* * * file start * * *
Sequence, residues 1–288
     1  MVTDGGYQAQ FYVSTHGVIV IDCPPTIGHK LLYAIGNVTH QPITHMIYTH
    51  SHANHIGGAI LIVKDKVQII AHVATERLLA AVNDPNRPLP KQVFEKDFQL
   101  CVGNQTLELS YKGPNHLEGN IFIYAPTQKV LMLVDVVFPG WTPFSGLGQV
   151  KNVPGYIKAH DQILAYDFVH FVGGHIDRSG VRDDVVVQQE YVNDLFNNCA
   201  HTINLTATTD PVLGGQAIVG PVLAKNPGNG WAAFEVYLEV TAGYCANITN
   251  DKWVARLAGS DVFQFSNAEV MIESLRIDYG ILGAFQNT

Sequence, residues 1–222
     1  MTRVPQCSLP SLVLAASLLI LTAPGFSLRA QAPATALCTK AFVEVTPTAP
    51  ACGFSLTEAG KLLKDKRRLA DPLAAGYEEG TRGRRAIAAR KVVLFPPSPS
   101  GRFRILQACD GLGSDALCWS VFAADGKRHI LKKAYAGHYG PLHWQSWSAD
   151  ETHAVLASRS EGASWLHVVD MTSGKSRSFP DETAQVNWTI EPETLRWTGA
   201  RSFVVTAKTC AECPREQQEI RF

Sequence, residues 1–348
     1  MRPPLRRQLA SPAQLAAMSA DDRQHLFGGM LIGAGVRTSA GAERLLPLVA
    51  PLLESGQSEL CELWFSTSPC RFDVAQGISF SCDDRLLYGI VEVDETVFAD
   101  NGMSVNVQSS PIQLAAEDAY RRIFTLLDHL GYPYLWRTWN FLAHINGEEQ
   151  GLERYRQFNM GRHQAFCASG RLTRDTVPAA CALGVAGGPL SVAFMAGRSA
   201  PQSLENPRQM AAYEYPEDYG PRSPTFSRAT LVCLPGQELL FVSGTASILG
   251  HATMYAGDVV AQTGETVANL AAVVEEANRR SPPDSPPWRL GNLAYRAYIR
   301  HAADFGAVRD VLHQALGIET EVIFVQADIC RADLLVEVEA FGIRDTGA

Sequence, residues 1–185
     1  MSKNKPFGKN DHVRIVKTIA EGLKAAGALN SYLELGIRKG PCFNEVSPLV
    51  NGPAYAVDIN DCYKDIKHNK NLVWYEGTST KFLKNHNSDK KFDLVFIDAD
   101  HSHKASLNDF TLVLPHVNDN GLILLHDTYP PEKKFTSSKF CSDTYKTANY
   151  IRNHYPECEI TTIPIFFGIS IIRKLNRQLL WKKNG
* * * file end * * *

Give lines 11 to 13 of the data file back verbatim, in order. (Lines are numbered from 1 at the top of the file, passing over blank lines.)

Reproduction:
   101  GRFRILQACD GLGSDALCWS VFAADGKRHI LKKAYAGHYG PLHWQSWSAD
   151  ETHAVLASRS EGASWLHVVD MTSGKSRSFP DETAQVNWTI EPETLRWTGA
   201  RSFVVTAKTC AECPREQQEI RF